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UN Human Rights Body Condemns Syrian Crackdown

Syrian President Bashar al-Assad
A UN General Assembly's human rights committee has condemned the Syrian government's deadly crackdown on protests.

The resolution, backed by Western nations and a number of Arab member states, passed by 122 votes to 13, with 41 abstentions.

It cites violations such as: arbitrary executions; excessive use of force; the killing and persecution of protesters and human rights defenders; arbitrary detention; forced disappearances; and the torture and ill-treatment of detainees, including children.

Syria's ambassador to the United Nations Bashar Ja'afari had called the draft of the resolution a "declaration of war."

The resolution, which will be sent to the General Assembly for a final vote later on, is the latest development in a wave of international pressure on Syrian President Bashar al-Assad.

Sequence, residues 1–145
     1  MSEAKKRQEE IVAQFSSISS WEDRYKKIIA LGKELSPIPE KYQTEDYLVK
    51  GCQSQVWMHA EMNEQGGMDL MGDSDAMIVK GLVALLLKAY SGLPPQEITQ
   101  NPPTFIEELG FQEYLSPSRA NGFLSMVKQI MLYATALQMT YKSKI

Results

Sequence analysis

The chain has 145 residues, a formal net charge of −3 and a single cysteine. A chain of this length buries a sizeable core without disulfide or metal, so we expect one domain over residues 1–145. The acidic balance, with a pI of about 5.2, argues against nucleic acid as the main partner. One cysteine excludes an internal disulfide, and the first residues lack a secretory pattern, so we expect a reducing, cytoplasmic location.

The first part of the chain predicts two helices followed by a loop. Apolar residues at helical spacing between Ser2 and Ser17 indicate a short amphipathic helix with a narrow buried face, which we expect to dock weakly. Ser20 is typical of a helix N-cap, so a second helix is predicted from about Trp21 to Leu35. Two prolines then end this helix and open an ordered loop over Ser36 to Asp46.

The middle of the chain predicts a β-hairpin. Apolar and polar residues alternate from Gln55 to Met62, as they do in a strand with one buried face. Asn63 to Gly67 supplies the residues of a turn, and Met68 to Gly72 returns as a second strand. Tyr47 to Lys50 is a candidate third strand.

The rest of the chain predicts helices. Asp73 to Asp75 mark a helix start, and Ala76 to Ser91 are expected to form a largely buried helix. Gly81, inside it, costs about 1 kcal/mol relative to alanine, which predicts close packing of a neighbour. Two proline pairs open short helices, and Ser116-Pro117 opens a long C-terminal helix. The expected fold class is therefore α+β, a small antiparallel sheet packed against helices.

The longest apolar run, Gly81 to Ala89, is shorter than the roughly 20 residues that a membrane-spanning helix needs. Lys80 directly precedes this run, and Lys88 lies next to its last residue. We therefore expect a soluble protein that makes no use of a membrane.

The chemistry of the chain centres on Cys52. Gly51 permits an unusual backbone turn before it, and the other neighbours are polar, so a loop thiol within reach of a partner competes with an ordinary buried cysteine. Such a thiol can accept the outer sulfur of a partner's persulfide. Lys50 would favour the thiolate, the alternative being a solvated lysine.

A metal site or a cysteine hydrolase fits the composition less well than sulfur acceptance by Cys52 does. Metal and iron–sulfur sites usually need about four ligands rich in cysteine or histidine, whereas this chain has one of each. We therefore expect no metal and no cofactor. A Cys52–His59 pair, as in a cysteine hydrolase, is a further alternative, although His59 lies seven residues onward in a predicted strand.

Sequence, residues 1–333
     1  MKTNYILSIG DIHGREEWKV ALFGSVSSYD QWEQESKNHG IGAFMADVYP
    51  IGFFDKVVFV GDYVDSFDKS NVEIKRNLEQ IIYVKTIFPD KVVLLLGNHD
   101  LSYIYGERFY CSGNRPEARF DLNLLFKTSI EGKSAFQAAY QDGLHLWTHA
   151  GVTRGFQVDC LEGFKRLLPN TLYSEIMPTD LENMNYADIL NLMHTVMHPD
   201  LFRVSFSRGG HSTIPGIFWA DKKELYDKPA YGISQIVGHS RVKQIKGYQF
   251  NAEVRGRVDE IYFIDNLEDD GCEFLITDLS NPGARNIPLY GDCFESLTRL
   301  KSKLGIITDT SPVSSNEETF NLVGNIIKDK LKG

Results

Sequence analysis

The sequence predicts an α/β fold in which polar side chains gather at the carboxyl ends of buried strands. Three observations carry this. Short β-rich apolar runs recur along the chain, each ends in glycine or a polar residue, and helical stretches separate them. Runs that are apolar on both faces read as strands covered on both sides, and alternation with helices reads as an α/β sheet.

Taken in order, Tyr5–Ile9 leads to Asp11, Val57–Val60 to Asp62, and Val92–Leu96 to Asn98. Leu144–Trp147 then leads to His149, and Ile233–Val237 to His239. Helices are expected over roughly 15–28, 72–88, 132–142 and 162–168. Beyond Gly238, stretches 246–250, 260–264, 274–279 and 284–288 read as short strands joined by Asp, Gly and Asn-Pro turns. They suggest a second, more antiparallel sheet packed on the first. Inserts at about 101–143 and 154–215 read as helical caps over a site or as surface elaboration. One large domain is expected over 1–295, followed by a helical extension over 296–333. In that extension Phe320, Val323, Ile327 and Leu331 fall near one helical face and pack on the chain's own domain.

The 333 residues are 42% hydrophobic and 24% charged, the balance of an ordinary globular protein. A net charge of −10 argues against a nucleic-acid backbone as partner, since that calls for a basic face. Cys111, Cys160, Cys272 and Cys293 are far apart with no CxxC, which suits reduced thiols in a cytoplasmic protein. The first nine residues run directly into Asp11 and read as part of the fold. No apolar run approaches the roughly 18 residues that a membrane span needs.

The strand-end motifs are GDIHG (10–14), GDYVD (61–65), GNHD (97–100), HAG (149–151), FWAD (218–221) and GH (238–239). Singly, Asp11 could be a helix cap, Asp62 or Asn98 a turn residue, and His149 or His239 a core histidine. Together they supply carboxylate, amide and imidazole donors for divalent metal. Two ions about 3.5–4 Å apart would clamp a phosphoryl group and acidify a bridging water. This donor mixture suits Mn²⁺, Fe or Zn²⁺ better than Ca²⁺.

Earlier on November 22, Turkish Prime Minister Recep Tayyip Erdogan reiterated his call for Syrian President Bashar al-Assad to step down and put an end to the bloody repression against protesters.

Erdogan speaking at a meeting of his ruling AK Party in Ankara, warned Assad that he should learn his lesson from the violent demise of other dictators:

"If you want to see somebody who has fought against his own people until death, look at Nazi Germany, look at Hitler, Mussolini, Romania's Nicolae Ceausescu," he said.

"If you don't draw lessons from these, then look at the Libyan leader who was killed just 32 days ago after pointing guns at his own people and using the same expressions as you."

The UN estimates that more than 3,500 people have been killed since the Syrian regime's crackdown on protesters began in March.

compiled from agency reports

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